When Should You Stop CPR? Understanding the Guidelines

Cardiopulmonary resuscitation (CPR) is a vital life-saving technique used to sustain blood circulation and provide oxygen to the brain and other vital organs during a cardiac arrest or respiratory failure. Performing CPR immediately and effectively can significantly increase the chances of survival for someone in need. However, it is important to understand when to continue CPR and when it may be appropriate to stop. In this article, we will discuss the guidelines and considerations for stopping CPR, as recommended by MyCPR NOW.

Guidelines for Stopping CPR:

1. Presence of Advanced Medical Help: The primary goal of CPR is to maintain blood flow and oxygenation until advanced medical help arrives. If professional medical responders, such as emergency medical services (EMS), arrive at the scene and take over resuscitation efforts, you should stop CPR and allow them to take over. They are trained to provide advanced life support and have the necessary equipment to continue resuscitation efforts.

2. Return of Spontaneous Circulation (ROSC): ROSC refers to the return of a palpable pulse and signs of effective circulation. If, during CPR, the person shows signs of ROSC, such as responsive movements, breathing, or a palpable pulse, you should stop CPR and monitor the person's vital signs. However, it is essential to remain vigilant and be prepared to resume CPR if their condition deteriorates.

3. Fatigue or Physical Exhaustion: Performing CPR can be physically demanding, especially if the resuscitation efforts are prolonged. It is important to recognize signs of fatigue or physical exhaustion in yourself or others involved in the resuscitation. If you are unable to continue providing effective chest compressions and rescue breaths due to fatigue, it may be appropriate to stop CPR and allow someone else to take over.

4. Obvious Signs of Death: In certain situations, there may be obvious signs that resuscitation efforts will not be successful. These signs include rigor mortis (stiffening of the body), livor mortis (pooling of blood in the lower parts of the body), or obvious signs of irreversible injury. In such cases, CPR is unlikely to be effective, and it may be appropriate to stop resuscitation efforts.

5. Determination by Medical Professionals: In some instances, medical professionals may determine that continuing CPR is futile or not in the best interest of the person. This decision may be based on factors such as the person's medical history, the underlying cause of the cardiac arrest, or the presence of severe injuries that are not compatible with survival. It is important to respect and follow the guidance of medical professionals in such situations.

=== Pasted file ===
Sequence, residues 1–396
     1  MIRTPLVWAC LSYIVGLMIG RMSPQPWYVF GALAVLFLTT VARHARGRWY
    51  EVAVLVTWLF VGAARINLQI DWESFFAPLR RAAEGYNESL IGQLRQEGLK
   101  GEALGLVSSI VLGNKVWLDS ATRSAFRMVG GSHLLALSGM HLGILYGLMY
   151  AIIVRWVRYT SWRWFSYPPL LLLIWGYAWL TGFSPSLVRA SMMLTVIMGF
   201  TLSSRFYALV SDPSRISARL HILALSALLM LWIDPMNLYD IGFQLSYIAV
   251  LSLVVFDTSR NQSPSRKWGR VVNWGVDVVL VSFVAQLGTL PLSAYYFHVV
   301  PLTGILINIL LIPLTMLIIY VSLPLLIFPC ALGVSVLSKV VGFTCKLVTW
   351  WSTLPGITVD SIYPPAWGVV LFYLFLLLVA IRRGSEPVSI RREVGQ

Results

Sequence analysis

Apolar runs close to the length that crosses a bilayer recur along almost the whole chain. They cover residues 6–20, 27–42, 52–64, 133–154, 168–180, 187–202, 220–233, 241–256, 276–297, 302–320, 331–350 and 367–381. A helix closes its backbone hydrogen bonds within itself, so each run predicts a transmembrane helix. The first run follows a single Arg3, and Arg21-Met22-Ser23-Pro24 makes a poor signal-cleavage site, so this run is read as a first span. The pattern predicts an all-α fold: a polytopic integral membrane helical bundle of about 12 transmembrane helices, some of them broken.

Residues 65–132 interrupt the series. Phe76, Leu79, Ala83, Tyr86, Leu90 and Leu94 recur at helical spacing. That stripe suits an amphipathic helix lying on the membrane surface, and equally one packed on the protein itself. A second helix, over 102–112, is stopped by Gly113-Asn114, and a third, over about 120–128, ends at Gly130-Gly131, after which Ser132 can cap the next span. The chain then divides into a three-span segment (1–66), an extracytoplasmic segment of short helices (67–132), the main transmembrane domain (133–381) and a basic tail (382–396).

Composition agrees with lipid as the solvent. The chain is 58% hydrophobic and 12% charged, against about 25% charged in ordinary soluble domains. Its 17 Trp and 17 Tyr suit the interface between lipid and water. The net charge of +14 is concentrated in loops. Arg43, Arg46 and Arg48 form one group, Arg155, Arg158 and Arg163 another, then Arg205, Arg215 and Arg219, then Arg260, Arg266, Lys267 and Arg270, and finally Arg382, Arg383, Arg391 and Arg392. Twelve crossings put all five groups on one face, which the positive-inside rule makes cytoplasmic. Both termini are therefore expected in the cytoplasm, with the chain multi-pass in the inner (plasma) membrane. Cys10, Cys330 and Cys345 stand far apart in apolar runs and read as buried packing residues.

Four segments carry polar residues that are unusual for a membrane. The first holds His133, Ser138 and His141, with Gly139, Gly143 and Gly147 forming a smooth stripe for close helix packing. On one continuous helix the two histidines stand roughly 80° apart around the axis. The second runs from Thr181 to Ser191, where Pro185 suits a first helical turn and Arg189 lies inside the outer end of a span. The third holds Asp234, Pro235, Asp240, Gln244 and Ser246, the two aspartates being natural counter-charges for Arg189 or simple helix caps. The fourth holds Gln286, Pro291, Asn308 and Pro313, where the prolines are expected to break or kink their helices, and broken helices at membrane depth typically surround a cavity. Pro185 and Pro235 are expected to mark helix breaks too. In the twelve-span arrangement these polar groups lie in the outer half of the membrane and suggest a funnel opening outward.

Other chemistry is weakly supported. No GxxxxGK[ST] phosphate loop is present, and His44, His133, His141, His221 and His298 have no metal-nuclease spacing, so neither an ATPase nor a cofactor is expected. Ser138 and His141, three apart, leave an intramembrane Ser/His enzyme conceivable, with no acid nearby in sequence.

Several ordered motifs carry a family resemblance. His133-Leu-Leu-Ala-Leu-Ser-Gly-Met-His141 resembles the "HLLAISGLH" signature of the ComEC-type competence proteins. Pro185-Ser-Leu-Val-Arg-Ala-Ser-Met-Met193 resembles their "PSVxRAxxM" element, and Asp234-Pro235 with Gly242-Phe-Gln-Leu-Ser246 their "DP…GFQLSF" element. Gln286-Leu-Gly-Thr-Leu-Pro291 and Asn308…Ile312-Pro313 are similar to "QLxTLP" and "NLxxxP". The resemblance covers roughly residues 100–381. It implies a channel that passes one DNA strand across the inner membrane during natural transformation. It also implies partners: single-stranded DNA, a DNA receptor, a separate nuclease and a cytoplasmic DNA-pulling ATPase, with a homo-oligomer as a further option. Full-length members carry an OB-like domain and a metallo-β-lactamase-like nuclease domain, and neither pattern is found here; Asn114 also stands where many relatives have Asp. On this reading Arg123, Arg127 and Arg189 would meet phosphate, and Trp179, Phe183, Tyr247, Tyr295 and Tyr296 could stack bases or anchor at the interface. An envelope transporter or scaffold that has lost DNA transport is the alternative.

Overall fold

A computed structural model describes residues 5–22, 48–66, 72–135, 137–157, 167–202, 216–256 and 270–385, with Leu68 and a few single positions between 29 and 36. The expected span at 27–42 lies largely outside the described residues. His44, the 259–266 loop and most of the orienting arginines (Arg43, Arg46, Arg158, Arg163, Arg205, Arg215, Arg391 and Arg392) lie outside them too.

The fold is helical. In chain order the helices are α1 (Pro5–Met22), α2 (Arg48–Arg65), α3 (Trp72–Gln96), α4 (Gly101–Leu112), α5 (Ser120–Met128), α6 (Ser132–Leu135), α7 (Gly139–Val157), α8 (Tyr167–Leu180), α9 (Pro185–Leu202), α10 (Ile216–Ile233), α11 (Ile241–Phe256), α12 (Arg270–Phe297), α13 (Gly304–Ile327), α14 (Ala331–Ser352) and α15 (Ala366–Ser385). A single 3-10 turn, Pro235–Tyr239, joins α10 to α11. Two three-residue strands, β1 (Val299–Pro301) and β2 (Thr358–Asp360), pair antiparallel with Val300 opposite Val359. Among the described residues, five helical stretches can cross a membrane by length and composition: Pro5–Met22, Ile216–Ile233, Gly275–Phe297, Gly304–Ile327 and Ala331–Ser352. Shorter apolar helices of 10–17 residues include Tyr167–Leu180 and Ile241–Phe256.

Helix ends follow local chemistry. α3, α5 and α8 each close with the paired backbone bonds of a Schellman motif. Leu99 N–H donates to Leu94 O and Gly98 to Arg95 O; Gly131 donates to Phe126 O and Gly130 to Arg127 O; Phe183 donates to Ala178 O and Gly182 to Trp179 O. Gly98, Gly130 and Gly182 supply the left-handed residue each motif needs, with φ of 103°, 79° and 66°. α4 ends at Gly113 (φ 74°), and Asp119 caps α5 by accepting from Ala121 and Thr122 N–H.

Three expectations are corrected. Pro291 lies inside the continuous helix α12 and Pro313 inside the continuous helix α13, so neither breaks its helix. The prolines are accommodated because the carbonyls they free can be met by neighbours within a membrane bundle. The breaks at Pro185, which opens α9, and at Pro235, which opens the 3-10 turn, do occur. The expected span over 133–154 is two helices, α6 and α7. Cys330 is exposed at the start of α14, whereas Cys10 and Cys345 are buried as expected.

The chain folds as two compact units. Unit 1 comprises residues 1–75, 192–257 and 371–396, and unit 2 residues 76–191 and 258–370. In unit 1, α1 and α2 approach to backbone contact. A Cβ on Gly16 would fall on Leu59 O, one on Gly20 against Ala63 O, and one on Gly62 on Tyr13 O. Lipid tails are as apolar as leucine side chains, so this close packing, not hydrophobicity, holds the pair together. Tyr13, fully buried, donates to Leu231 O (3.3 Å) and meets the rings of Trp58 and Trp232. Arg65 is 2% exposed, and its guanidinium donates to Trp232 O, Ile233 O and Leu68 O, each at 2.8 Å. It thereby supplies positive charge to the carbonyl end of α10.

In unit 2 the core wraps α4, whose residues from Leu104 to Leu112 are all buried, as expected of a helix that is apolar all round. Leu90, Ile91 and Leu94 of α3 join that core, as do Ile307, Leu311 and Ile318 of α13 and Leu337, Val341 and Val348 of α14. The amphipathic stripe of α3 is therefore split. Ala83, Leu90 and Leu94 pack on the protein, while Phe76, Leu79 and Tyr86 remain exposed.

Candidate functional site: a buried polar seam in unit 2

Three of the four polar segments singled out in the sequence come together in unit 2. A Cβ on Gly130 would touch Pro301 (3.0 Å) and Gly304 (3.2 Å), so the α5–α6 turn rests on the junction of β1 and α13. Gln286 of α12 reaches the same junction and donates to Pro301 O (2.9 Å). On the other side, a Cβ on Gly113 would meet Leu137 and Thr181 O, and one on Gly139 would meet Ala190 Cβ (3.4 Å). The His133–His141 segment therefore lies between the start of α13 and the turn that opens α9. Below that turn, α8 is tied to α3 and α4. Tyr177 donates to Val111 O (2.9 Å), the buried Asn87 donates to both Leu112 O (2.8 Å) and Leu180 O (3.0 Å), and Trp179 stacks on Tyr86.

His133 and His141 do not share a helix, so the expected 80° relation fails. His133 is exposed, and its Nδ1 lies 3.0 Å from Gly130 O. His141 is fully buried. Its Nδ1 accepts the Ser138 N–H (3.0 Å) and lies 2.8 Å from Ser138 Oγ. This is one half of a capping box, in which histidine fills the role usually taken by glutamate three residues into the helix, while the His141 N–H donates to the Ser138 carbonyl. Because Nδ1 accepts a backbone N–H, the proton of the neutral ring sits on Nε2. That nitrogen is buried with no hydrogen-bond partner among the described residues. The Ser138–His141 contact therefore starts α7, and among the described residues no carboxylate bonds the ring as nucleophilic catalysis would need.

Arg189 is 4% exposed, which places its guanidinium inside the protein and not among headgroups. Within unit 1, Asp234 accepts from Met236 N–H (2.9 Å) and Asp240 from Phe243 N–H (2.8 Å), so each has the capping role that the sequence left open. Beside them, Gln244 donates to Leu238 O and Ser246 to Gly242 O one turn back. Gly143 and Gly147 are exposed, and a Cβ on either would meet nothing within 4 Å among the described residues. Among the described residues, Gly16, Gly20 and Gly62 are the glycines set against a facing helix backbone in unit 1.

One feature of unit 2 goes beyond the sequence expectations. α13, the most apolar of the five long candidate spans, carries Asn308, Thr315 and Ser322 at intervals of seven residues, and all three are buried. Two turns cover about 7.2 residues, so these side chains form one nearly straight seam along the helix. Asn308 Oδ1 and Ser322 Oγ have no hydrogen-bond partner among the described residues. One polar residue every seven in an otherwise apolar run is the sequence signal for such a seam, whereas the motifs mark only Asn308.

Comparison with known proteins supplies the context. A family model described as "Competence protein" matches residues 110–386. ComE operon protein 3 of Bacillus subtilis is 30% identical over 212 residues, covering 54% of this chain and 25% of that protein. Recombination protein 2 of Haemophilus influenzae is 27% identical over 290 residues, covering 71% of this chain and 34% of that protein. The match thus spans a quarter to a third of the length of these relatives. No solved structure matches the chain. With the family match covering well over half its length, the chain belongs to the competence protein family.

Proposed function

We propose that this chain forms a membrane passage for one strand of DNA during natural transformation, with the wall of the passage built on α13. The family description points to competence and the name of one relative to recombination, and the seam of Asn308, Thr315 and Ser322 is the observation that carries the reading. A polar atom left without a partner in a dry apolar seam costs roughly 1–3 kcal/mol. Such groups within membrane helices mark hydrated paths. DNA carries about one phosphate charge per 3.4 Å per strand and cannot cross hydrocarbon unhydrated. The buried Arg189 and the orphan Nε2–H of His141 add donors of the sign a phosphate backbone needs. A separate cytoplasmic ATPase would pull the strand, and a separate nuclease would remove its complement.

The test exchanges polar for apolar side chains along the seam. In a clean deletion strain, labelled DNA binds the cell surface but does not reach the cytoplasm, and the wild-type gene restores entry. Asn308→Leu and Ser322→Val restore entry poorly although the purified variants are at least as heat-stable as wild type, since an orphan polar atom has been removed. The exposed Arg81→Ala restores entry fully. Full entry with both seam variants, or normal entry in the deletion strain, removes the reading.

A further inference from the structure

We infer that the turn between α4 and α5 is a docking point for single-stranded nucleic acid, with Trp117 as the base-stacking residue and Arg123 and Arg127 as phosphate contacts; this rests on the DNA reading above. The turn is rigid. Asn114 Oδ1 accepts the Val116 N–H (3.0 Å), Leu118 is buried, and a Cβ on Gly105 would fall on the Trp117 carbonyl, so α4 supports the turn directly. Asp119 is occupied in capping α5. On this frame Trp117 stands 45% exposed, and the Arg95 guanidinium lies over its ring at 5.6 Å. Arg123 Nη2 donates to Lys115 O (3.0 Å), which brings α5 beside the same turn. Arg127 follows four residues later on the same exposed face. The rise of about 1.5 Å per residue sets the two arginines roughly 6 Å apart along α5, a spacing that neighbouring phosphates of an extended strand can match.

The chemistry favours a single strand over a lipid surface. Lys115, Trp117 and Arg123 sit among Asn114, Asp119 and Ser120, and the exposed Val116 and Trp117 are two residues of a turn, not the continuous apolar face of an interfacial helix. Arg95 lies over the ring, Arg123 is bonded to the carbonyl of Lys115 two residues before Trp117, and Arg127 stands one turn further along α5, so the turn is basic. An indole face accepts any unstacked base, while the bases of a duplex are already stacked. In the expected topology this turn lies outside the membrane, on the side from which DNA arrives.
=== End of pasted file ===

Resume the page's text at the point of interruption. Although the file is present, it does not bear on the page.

Considerations for Stopping CPR:

While the guidelines provide a general framework for stopping CPR, it is important to consider individual factors and the context of each situation. Here are some additional considerations:

1. Duration of CPR: The duration of CPR plays a role in determining the likelihood of successful resuscitation. If CPR has been performed for an extended period without signs of improvement or ROSC, the chances of a positive outcome decrease. However, it is essential to continue CPR until advanced medical help arrives, even if the duration is prolonged.

2. Personal Safety: Your safety and the safety of others involved in the resuscitation should always be a priority. If the environment becomes unsafe due to factors such as fire, explosion, or violence, it may be necessary to stop CPR and evacuate the area.

3. Family Wishes and Advance Directives: It is important to consider the wishes of the person's family and any advance directives they may have provided. If there are specific instructions regarding resuscitation efforts, such as a do-not-resuscitate (DNR) order, these should be followed accordingly.


Knowing when to stop CPR is a crucial aspect of providing effective and compassionate care. The guidelines and considerations mentioned above can help guide your decision-making process. However, it is important to remember that every situation is unique, and the final decision to stop CPR should be based on a combination of medical guidance, individual circumstances, and the best interests of the person receiving care. MyCPR NOW provides comprehensive CPR training that covers the necessary skills and knowledge to perform CPR effectively and make informed decisions in emergency situations.

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